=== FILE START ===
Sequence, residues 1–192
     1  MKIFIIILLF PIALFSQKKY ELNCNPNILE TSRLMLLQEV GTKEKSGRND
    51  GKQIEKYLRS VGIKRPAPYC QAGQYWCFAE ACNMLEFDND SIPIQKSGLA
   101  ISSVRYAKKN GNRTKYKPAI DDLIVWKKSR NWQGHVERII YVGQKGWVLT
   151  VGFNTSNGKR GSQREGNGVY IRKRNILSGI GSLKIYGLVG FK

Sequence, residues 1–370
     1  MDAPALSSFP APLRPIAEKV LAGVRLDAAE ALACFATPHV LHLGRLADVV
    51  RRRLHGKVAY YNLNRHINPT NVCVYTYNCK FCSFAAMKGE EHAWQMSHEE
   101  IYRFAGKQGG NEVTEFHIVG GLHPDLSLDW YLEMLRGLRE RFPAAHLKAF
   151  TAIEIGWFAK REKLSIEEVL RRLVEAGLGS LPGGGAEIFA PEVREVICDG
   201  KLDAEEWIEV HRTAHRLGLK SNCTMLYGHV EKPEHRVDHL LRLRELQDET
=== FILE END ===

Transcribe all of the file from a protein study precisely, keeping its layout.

Sequence, residues 1–192
     1  MKIFIIILLF PIALFSQKKY ELNCNPNILE TSRLMLLQEV GTKEKSGRND
    51  GKQIEKYLRS VGIKRPAPYC QAGQYWCFAE ACNMLEFDND SIPIQKSGLA
   101  ISSVRYAKKN GNRTKYKPAI DDLIVWKKSR NWQGHVERII YVGQKGWVLT
   151  VGFNTSNGKR GSQREGNGVY IRKRNILSGI GSLKIYGLVG FK

Sequence, residues 1–370
     1  MDAPALSSFP APLRPIAEKV LAGVRLDAAE ALACFATPHV LHLGRLADVV
    51  RRRLHGKVAY YNLNRHINPT NVCVYTYNCK FCSFAAMKGE EHAWQMSHEE
   101  IYRFAGKQGG NEVTEFHIVG GLHPDLSLDW YLEMLRGLRE RFPAAHLKAF
   151  TAIEIGWFAK REKLSIEEVL RRLVEAGLGS LPGGGAEIFA PEVREVICDG
   201  KLDAEEWIEV HRTAHRLGLK SNCTMLYGHV EKPEHRVDHL LRLRELQDET